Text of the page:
In an effort to find out, I decided to ask two women who’ve been the subject of a lot of backlash: Gaby, a Brooklyn artist who uses skin tones to showcase her work and Sarah, who works at the gallery of which Gaby is the executive director.
In each case, I asked them, “How do you feel about the response you’ve received?”
The first person to answer said, “I think people have really lost their minds over this.”
The second person said, in response to an initial question, “It’s so sad.
I think it’s so hurtful.”
Both agreed that it is incredibly disappointing and unfair that it’s been taken as a sign of empowerment when so many people are not only ignorant of the reality of how black people are treated in this country, but also that they’ve had to make the choice to choose to remain black.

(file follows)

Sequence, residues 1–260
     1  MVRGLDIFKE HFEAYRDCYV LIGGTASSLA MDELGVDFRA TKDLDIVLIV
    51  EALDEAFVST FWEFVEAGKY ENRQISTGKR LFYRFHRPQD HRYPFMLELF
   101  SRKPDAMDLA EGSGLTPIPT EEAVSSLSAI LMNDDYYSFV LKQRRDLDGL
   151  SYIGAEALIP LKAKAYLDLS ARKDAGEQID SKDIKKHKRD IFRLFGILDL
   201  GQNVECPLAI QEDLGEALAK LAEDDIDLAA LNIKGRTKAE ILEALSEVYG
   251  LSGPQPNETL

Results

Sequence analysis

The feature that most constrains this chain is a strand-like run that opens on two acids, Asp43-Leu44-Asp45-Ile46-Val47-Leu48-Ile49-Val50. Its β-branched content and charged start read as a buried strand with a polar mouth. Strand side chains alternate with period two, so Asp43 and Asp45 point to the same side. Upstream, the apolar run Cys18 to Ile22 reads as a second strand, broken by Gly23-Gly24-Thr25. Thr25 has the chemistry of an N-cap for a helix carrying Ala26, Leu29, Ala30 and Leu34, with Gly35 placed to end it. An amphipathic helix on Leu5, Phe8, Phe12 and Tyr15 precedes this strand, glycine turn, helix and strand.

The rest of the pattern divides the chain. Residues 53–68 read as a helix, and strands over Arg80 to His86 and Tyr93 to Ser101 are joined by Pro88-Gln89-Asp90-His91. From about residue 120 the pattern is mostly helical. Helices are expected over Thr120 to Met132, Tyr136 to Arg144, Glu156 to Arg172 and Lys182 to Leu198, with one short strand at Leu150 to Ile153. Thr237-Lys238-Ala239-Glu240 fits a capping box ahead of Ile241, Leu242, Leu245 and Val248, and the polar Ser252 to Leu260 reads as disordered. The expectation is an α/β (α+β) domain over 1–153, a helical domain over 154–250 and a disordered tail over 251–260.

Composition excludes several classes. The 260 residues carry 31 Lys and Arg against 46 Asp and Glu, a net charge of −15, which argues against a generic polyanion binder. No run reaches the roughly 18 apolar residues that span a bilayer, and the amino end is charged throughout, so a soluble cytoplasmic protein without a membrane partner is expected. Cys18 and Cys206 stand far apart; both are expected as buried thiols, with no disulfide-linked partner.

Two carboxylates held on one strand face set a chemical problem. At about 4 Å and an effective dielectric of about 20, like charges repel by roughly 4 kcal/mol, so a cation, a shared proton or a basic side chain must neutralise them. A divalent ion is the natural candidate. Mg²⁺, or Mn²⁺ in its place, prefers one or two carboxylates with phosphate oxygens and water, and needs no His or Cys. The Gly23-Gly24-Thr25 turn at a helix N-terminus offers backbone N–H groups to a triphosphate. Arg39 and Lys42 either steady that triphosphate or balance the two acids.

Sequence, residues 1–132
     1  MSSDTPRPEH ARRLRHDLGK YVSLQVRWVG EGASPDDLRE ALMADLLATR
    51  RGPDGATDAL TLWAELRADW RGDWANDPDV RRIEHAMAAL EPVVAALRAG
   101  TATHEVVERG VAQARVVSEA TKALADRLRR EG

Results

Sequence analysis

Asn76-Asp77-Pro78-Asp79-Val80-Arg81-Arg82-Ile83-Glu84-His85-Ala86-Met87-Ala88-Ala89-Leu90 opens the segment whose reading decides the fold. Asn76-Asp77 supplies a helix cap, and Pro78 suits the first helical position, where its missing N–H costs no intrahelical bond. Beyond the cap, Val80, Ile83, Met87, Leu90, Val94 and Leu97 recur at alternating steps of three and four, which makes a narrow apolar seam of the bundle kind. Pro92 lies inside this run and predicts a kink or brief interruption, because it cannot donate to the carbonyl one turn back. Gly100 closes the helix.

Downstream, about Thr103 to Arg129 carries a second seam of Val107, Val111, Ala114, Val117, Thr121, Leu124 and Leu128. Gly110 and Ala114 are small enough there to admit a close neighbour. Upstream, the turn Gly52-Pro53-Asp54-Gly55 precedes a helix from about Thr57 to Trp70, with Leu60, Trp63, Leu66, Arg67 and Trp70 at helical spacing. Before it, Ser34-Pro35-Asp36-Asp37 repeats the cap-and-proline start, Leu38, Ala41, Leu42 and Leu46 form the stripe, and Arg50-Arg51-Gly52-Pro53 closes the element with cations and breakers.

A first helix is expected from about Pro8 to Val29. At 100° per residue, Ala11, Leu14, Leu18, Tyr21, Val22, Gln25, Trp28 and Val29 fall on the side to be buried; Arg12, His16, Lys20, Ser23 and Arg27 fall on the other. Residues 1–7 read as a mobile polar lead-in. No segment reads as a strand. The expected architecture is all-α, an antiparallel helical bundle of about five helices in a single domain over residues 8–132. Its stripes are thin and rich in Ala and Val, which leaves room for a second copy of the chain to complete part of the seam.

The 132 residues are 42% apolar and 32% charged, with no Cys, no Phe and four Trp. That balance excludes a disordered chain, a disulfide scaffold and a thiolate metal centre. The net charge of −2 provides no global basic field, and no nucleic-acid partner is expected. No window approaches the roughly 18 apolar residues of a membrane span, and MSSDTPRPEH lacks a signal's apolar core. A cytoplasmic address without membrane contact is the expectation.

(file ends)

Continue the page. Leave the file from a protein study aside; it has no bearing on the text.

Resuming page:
In Gaby’s case, she’s been asked to erase her skin tones by other black people because she’s white.
In Sarah’s case—she’s a woman of color who works in the visual arts—people have been sending her racist and sexist messages, including one that said she looked “like a white woman.”
They’ve even threatened to physically harm her.
And because these messages are being spread across social media, Gaby said, they’re often repeated on the news.
But for Sarah, it’s even worse.
“People are really upset that I’m a woman and they don’t like my skin,” she told me.
“The backlash has really gotten to me.”